One of the most difficult adjustments in vocational call for a modern pastor is learning “what is his thing?” Where is his action opportunity?

There was a day when he was the prophet-preacher. The spokesman for the whole congregation, or perhaps for the whole town. As the best educated and perhaps most respected man in every town 50 years ago, he spoke with authority on everything.

But that’s not true any longer. The world is saying “No” to us by passing us by in droves. I know no church that has a problem seating the Sunday morning crowd.

I believe that the pulpit is still the key to a fruitful ministry. There’s no question that effective evangelical preaching will bear fruit. The modern day pastor, though, had better recognize that he must learn to sit in the back seat and let his laymen get in the front. The world will listen to laymen much more readily than to preachers in our day.

I like to emphasize the role of teaching elder. And that, my dear friends who have been to seminary recently, or 40 years ago, we have not been trained to bel To work to equip all the people of God for work in His service will require a new mindset for us. A new determinism. A new dimension. A new orientation of time. It will require teaching time with men, women, youth and children. Throughout the week. Week after week. Year after year. If we’re to raise up a people of God for our time we must equip our people.

My friends in the ministry, I would ask you today to give up your career, and reaffirm your calling. Quit worrying about where you are preaching or where your brothers are preaching. See God’s opportunity right where you are.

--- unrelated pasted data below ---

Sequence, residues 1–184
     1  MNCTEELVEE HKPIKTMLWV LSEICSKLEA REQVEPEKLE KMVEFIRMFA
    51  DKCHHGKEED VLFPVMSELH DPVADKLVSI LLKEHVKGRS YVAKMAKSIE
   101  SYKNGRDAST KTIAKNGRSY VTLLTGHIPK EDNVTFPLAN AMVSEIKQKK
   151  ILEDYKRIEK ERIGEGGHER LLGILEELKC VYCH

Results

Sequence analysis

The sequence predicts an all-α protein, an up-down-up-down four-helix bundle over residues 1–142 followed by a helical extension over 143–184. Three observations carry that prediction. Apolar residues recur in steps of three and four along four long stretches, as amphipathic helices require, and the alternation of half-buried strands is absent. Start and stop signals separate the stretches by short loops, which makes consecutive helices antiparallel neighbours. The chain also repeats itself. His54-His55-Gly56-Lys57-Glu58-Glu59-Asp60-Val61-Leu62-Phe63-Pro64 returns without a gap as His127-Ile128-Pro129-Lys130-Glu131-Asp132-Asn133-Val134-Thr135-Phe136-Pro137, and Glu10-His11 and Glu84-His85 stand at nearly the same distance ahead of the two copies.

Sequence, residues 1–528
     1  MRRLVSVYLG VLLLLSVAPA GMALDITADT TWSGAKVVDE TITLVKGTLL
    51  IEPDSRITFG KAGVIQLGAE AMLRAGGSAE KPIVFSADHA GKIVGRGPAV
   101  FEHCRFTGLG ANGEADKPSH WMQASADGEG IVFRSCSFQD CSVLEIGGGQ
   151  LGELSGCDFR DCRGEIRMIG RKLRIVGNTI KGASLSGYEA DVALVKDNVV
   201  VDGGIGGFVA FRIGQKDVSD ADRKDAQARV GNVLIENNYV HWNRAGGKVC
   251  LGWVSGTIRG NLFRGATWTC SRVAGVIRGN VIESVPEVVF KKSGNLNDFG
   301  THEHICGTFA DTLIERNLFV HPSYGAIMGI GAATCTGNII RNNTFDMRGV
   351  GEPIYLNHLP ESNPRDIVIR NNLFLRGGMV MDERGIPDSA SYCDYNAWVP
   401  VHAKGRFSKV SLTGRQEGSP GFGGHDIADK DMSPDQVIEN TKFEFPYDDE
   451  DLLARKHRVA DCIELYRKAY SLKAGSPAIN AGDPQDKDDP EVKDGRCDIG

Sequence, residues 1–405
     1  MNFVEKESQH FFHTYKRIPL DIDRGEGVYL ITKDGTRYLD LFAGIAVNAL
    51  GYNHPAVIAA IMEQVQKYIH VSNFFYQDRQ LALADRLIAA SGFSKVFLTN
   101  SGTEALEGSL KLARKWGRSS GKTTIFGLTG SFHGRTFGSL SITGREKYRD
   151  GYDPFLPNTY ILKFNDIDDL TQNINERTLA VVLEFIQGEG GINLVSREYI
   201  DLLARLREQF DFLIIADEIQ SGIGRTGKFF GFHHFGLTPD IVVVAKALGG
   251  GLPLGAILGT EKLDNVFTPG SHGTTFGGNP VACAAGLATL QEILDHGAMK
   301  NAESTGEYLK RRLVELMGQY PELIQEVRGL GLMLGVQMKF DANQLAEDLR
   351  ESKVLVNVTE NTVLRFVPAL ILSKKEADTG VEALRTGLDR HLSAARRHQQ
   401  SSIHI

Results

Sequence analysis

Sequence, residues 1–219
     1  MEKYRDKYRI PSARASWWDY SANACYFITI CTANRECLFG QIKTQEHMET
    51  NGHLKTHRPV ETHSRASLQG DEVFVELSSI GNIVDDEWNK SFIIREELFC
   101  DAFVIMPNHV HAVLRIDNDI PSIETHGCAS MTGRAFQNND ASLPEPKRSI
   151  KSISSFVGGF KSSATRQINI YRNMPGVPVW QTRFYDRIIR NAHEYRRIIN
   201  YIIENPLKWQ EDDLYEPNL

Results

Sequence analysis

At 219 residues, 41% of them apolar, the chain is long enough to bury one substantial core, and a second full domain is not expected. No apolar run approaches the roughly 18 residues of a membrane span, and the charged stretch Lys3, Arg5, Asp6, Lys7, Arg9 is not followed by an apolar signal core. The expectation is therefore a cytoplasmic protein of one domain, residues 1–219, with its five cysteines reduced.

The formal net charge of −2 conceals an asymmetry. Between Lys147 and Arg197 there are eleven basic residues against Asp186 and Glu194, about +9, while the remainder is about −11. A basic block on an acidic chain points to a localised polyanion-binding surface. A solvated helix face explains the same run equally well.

I yearn to see a group of preachers together in our day who say, “I don’t care where I’m sent. I am called to serve God, wherever I am sent.’ Dare we believe that God will use His Church – even the cabinet of The United Methodist Church?

The number one opportunity for an evangelical pastor in our day is to come before God daily in his own life. Then he brings the people of God there to equip his people for service in the work of the ministry. This is not so much being pastor in charge, as it is being servant-teacher of the flock. We’ve got to come to a new understanding of that if we’re to be a part of renewal in our day.

The world is passing the church by. It’s saying in effect, you don’t matter anymore. You have no answers for my life. But the world cannot pass Christian laymen by – men who man the lathes. Who sell the goods. Who work at the offices. They’re there where the action is, where God’s prospective people are. That is why they must be trained to witness for Him, to talk about the Gospel in everyday language to everyday men at the workbenches of America, in the classroom, in the backyard, or wherever God calls us.

Most Christians today are basically orthodox. That is not our basic problem. It is not that our intellectual belief is that far off, but that our commitment does not match our faith. We must go into the ghettos of our world, and into the poverty pockets, into the minority situation and into the racial problems, rough as they may be.

We must go and give our lives and witness there to our faith, in tutoring, day care and all other sorts of ministries. We must go and win this great cauldron of seething revolution for Christ. Otherwise we’re going to have revolution in our day, and a state of dictatorship will prevail in this land in ten years. We have no choice, but to go and lay down our lives for Jesus Christ, however hard that may be. This may take some of us out of our comfortable pulpits, and some of you laymen out of your comfortable pews.